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PostPosted: Thu Apr 23, 2020 7:41 pm 
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Joined: Sat Oct 14, 2017 10:54 am
Posts: 11
Looking for the collective wisdom of the forum.

My DD is motoring along well at school but has always disliked reading. She reads in a single monotone out loud and doesn’t seem to take and enjoyment from a book.

However since lockdown I have dug out their old kindle fires and we have uploaded some books. She swapped the background to balcony with white writing and suddenly her fluency and enjoyment has increased.

I’m sure I remember speaking to a patient whose mum was explaining both her girls had been diagnosed with something similar and had glasses which made reading black on white much easier but I can’t remember either the patient or the clinician and I recall she travelled for a diagnosis.

Has anyone heard of anything similar as obviously most books are black on white paper.
Thank you advance


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PostPosted: Thu Apr 23, 2020 7:51 pm 
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Joined: Fri Sep 15, 2006 8:51 am
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Is this anything to do with Irlen's syndrome?


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PostPosted: Thu Apr 23, 2020 8:19 pm 
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Joined: Mon Jun 18, 2007 2:32 pm
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Location: East Kent
Some people do find the stark contrast of black on white difficult. Irlen’s syndrome is a possibility and it may well be worth getting an optician to check it out.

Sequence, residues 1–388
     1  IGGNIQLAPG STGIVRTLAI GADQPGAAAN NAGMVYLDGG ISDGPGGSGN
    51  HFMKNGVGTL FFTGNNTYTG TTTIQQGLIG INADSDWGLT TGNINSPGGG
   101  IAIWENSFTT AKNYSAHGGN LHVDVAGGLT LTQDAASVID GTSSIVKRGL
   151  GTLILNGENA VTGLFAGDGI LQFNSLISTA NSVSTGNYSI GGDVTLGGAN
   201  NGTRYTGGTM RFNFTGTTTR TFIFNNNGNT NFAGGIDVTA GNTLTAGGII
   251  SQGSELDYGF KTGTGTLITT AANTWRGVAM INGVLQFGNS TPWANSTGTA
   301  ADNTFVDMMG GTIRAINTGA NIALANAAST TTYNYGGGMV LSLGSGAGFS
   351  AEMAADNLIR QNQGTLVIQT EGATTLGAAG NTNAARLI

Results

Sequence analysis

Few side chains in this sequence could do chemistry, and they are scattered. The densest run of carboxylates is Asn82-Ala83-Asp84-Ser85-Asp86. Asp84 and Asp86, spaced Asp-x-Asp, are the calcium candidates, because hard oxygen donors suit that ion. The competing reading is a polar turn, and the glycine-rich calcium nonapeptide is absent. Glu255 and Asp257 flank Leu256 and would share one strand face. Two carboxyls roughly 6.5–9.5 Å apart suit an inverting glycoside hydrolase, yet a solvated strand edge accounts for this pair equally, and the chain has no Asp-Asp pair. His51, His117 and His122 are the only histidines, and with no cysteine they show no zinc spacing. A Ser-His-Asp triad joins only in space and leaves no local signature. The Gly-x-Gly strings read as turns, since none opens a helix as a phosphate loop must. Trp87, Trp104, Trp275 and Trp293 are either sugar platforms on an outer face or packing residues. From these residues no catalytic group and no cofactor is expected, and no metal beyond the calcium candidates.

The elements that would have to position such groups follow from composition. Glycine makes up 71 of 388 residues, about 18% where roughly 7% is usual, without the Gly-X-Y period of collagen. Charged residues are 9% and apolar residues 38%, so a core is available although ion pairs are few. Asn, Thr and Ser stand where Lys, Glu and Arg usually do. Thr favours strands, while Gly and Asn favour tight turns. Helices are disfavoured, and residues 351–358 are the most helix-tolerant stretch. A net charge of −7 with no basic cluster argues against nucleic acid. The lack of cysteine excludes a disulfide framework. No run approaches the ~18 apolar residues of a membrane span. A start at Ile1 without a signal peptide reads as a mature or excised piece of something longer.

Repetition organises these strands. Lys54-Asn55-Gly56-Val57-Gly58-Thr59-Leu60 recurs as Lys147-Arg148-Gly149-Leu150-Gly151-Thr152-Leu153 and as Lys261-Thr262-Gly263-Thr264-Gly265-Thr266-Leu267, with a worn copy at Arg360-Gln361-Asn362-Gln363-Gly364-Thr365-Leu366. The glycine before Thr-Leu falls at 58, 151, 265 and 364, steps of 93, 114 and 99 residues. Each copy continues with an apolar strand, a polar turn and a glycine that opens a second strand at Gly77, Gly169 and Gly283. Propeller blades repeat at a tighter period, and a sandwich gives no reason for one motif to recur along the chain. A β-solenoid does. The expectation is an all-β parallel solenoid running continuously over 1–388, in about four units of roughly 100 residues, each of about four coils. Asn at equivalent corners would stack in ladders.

Try different coloured paper to print worksheets etc, coloured overlays or ‘reading rulers’ are available and you can even get exercise books with coloured pages.


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PostPosted: Thu Apr 23, 2020 8:27 pm 
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Joined: Mon May 16, 2011 1:05 pm
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Location: Reading
I’m dyslexic and find some combinations better than others. (Letters twitch and move less) Black on turquoise works particularly well for me. Having moved to windows 10 at work I’m now unable to switch the theme to do this, but I can switch to white on black for some things and do find it easier.

I have also been able to do this on my iPad for somethings too.


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PostPosted: Mon Apr 27, 2020 12:54 pm 
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Joined: Mon Jul 27, 2015 6:44 am
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It sounds like a visual processing disorder/visual stress which was previously known as Irlen Syndrome or Meares Irlen Syndrome.
Some Opticians specialise in testing to see which colour is best, and some Orthoptists based in Hospital Eye Clinics.
At the moment most Eye Clinics are shut except for emergencies but you could look at colours online while you wait to speak to your GP for a referral.
www.crossboweducation.com is good.
If you click on shop now/ visual stress/ software they have a trial of their tint and track software which may be useful?


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PostPosted: Tue Apr 28, 2020 8:18 pm 
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Joined: Sat Oct 14, 2017 10:54 am
Posts: 11
That is really helpful

Our optician rang today and suggested seeing DD once open again and then would recommend from there - he suggested possibly swing a behavioural optometrist which sounds great

Thank you for the tips
Xx


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